25th Anniversary

What is it the 25th anniversary of, you ask? Nothing! Well, that's not true; I'm sure plenty happened 25 years ago. But the only reason that this particular entry has that heading is because I randomly happened to wrap up two things today with "Silver" in their titles.

If I'm going to be in fighting weight for this year's Oscar contest, I have to get more of the Best Picture nominees under my belt, so when I found myself with a free evening last night, I seized the opportunity to wander up to the Hi-Pointe to catch a screening of Silver Linings Playbook. It's one of those films I'm still mulling over a day later, which is always a good thing. Bradley Cooper, who stars as Pat, a bipolar man fresh out of the asylum and attempting to rebuild his life and marriage. Along the way, he meets Tiffany (Jennifer Lawrence), who is skirting around some mental issues of her own, and the two forge a volatile friendship.

Robert De Niro and Jacki Weaver appear as Pat's parents, and are often at sea as to how to deal with their son's violent outbursts and unreasonable demands on their attention. That doesn't mean Pat is the only one in the family with issues, though, as we see glimmers of some of his father's compulsions and mother's insistence that there isn't any problem that can't be solved with snacks.

I liked this film a lot, and it's easy to see why all four of its leads are up for Academy Awards this year. Bradley Cooper has never been better, and Jennifer Lawrence somehow manages to portray a person damaged in all sorts of stereotypical ways without coming across as stereotypical in the least. There are a few minor third act issues, and the ending is a bit too tidy, but of the four Best Picture nominees I've seen so far, this is easily my favorite.

Over in the world of books, I finished up Tayari Jones' Silver Sparrow, which I'd never have come across, but for a recommendation from a friend. Like Silver Linings Playbook, it's much more a character study than a plot-driven story. The book is told as reminiscences from two women (Dana and Chaurisse) who met and became friends in their teen years. One of the girls knows that the two share a bigamist father, and she's hurt and curious about why she cannot be publicly acknowledged. She starts poking around in her father's "real" family by befriending her blissfully ignorant half-sister, and when the secrets inevitably are brought to light, the delicate house of cards built over the girls' lifetimes crumbles in an instant.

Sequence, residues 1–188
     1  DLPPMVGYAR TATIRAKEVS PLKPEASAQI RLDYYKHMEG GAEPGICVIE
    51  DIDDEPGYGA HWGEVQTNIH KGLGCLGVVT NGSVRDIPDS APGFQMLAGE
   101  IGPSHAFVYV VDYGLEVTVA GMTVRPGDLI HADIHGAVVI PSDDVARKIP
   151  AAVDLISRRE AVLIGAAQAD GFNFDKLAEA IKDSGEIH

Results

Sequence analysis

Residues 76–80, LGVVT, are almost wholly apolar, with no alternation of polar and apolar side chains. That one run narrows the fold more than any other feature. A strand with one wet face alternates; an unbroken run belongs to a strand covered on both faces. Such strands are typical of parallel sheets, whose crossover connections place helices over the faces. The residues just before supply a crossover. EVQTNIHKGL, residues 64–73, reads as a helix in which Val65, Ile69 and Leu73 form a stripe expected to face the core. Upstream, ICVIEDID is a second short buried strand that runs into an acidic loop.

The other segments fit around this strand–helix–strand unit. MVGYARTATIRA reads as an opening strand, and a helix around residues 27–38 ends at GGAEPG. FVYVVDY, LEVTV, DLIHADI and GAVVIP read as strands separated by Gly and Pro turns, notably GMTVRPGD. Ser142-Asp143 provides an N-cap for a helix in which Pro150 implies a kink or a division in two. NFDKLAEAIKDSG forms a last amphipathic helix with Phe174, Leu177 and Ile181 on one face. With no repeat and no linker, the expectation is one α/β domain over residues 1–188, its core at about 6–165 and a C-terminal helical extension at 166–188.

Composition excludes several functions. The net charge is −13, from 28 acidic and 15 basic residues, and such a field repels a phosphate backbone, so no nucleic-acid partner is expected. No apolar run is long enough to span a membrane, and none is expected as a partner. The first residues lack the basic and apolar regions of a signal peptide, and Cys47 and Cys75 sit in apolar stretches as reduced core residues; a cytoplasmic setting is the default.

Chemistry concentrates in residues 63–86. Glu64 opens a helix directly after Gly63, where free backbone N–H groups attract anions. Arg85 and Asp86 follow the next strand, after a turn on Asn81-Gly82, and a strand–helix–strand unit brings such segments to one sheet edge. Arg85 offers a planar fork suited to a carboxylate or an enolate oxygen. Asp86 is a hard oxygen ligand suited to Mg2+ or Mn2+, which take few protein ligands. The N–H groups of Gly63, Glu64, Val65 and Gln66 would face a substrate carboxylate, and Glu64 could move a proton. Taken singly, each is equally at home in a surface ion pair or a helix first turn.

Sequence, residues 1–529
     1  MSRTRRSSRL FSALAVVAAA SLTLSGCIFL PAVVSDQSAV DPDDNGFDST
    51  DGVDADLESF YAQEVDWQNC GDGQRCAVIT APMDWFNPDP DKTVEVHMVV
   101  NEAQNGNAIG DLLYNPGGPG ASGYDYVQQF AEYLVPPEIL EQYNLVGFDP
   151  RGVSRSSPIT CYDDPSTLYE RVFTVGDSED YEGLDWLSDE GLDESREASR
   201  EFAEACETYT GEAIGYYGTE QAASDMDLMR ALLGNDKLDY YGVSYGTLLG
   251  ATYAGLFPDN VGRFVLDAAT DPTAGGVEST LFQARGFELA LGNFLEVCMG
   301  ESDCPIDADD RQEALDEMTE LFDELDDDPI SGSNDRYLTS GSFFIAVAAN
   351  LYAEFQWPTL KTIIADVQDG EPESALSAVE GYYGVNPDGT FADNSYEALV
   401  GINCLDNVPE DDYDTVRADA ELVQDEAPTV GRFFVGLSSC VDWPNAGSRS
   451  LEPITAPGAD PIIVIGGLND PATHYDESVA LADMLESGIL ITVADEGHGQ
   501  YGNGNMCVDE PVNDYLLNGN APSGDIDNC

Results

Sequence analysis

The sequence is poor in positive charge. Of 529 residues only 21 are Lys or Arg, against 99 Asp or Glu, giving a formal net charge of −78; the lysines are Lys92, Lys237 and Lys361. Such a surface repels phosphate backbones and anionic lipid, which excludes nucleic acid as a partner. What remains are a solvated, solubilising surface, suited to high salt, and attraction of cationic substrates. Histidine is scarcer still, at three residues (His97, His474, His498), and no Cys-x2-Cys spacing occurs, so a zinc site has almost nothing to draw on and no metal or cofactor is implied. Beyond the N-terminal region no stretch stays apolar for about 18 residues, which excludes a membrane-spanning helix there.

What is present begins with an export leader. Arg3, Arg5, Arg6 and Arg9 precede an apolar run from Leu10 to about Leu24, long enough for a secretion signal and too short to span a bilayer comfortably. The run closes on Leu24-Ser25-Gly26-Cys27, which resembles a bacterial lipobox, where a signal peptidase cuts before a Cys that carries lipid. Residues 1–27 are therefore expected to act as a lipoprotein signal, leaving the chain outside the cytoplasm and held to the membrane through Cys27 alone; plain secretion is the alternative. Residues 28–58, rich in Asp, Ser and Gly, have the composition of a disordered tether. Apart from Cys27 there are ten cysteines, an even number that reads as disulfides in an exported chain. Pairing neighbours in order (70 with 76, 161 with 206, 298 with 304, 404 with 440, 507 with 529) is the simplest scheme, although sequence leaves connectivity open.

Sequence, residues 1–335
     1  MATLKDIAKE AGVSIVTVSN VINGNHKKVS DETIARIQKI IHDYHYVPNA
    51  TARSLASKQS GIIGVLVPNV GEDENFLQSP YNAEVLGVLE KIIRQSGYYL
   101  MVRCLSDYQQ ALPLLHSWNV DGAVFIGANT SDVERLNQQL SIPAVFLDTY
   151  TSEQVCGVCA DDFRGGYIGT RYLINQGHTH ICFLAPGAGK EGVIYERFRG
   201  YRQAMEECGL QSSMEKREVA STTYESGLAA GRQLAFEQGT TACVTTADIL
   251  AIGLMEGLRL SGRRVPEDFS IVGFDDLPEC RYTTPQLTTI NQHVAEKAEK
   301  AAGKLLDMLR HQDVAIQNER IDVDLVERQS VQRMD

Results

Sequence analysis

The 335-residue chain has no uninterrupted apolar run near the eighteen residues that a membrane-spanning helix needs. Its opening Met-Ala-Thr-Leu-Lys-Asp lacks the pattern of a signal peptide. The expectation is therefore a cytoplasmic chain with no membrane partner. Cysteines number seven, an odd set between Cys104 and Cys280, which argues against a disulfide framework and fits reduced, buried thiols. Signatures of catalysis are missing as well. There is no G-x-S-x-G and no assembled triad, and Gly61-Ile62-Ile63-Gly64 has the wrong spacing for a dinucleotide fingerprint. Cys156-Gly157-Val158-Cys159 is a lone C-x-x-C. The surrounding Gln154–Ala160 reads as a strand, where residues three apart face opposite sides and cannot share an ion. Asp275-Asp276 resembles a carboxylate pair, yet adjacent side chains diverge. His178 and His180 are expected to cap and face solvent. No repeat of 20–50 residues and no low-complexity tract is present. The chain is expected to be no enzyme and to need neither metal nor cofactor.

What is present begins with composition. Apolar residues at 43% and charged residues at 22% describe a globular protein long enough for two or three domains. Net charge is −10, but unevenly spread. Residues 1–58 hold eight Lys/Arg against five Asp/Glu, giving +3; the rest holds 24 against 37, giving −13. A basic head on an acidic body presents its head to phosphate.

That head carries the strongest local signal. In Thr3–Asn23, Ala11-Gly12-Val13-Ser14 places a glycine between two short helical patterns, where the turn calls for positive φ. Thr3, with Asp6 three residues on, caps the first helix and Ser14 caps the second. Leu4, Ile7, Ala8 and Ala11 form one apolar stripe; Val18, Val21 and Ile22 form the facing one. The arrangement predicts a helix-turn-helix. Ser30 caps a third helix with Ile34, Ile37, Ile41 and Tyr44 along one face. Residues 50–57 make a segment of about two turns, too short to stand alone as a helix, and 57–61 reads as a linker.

The entire book has only a half dozen important characters, so plenty of time is devoted to developing each of them. Everyone has a relatable point of view, and we wind up truly caring about what happens to all of them, even when they're completely at odds with one another. And perhaps most importantly, while Silver Linings Playbook overreaches to provide an easy path to happiness for its characters, Jones treats hers as actual humans. Even if every cloud does have a silver lining, that doesn't mean you'll always be able to find it.

Silver Sparrow: B+
Silver Linings Playbook: B+


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